(USA, 85 min.)
Dir. Oren Jacoby
Helen Mirren misses the rats and hookers of Broadway. “They’re my people!” she declares in one the more entertaining and candid interviews of On Broadway. Creative types of all stripes dish about the colourful history of New York City’s iconic strip. Oscar winners and Tony winners reflect on the many ups-and-downs of NYC’s theatre scene in this expansive, sometimes sprawling, doc about the magic of theatre. Even the producers, marketers, and city planners, however, seem to agree with Mirren. The rats and hookers of Broadway have changed over the years. There’s something nostalgic about the days when said vermin and prostitutes were more literal than figurative. However, the show must go on, as they say.
Director Oren Jacoby explores how Broadway grew alongside New York City’s rise as the one of the world’s greatest cities. On Broadway visits the early days when dinner and a show were a regular pastime. However, as movies came in and provided cheaper entertainment, and then musical tastes changed, theatre became anachronistic. Yet the chorus line of actors and artists in On Broadway observes how some of the hardest times for the theatre scene were, as is often the case, breakthrough moments. Jacoby looks at the rise of public theatre that helped artists take risks. He smartly connects past and present, eventually leading to Hamilton’s extraordinary success that might not have been possible without the public theatre. Similarly, the passé odour of wholesome show tunes gave way to the new voices of the changing rock scene.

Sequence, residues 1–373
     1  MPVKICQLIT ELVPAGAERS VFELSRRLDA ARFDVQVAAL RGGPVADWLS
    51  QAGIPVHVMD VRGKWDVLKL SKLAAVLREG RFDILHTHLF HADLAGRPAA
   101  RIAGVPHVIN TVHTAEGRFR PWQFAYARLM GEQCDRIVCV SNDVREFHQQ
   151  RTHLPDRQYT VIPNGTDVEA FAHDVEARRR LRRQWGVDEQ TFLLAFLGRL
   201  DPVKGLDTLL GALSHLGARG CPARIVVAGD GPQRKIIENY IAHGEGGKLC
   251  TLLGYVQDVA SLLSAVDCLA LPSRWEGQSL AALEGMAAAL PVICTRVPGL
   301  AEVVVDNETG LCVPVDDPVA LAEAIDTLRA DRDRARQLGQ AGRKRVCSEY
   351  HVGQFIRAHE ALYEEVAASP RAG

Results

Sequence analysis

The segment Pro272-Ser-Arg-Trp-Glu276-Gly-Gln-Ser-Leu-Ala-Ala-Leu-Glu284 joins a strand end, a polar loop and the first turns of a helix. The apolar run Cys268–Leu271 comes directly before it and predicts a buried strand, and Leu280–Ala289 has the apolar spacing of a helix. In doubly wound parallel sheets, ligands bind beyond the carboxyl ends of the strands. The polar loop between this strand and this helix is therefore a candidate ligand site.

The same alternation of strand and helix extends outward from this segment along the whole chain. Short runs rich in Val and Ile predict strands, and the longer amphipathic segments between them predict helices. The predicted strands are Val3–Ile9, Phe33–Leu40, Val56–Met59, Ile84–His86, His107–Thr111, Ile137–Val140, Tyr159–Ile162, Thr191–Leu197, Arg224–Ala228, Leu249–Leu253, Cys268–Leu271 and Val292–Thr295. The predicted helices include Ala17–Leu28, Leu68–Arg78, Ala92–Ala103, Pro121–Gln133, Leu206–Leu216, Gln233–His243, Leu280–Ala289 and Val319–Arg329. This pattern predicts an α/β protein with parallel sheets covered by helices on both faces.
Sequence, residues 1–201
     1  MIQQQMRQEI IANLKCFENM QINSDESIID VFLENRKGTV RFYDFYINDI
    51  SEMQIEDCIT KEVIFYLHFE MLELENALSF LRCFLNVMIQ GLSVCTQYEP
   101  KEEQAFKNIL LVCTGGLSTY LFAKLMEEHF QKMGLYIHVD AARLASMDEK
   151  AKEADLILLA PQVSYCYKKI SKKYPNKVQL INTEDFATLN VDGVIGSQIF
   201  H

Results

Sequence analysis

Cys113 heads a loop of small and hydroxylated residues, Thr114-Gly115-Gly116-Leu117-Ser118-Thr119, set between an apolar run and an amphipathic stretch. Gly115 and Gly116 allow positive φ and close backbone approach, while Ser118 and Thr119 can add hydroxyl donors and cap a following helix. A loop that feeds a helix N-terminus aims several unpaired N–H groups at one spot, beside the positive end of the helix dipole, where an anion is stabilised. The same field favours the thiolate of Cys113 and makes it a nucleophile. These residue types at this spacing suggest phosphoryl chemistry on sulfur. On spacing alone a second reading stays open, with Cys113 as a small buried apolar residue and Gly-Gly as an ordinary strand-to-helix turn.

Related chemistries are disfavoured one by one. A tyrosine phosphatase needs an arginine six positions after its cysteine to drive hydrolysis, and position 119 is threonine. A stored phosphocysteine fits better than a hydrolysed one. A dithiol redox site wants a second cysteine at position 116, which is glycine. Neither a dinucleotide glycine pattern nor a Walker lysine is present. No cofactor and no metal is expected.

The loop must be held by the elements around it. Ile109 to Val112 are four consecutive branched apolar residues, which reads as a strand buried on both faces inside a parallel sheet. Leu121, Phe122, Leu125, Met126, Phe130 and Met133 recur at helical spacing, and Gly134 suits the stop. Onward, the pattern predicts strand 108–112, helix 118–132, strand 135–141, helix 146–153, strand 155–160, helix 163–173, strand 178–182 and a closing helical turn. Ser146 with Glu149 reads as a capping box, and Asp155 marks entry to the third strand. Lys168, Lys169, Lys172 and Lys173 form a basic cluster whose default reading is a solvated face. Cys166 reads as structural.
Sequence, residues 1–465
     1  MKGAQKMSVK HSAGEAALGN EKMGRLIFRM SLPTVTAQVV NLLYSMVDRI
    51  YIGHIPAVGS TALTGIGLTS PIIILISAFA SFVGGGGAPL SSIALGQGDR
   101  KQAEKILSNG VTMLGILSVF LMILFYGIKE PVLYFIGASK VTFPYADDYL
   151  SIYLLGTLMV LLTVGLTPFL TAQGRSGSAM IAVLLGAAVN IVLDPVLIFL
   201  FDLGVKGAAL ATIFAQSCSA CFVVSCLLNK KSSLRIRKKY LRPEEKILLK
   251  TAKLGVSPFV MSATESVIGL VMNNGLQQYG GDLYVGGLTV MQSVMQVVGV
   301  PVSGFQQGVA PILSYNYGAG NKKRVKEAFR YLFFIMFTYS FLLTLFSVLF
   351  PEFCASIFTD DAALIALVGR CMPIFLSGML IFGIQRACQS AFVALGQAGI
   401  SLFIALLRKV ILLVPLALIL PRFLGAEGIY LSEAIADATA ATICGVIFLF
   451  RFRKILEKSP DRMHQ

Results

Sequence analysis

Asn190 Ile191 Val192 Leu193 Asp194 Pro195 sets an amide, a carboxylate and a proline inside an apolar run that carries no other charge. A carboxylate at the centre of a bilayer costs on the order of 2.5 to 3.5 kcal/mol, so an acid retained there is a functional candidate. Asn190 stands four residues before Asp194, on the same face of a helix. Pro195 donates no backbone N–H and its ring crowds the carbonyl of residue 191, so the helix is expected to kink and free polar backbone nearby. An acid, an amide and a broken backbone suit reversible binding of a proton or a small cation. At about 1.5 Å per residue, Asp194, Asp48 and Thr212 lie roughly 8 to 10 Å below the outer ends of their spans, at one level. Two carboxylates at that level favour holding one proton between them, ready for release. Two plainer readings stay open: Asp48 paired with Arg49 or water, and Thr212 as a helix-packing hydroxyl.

All the Hits
On Broadway credits numerous productions that marked turning points in New York’s theatre scene. A Chorus Line, for example, gets its due in the public theatre sequence. Jacoby’s interviewees note how audiences were hungry for a show that sang a different tune. They turned an experiment into one of Broadway’s longest-running hits. Similarly, interviewees debate Broadway’s struggle for “prestige,” which often amounted to programming verified hits from the London stage. This tactic nevertheless led to the prominence of dramatic/non-musical theatre with hits like Amadeus.
The conversations pull apart the flood of British productions and credit musical theatre as a truly American tradition. This argument doesn’t always hold as many talking heads cite British works among the major hits. However, interviewees like director George C. Wolfe credit the role Broadway played during the AIDS crisis. Theatre gave a platform to the LGBTQ community when it was being hit hardest. Productions like Angels in America proved watershed moments in culture, captivating audiences of all stripes with a genuinely political, and proudly American, message. The most American charm of Broadway might be the platform it now gives to diverse voices.
The Hookers Return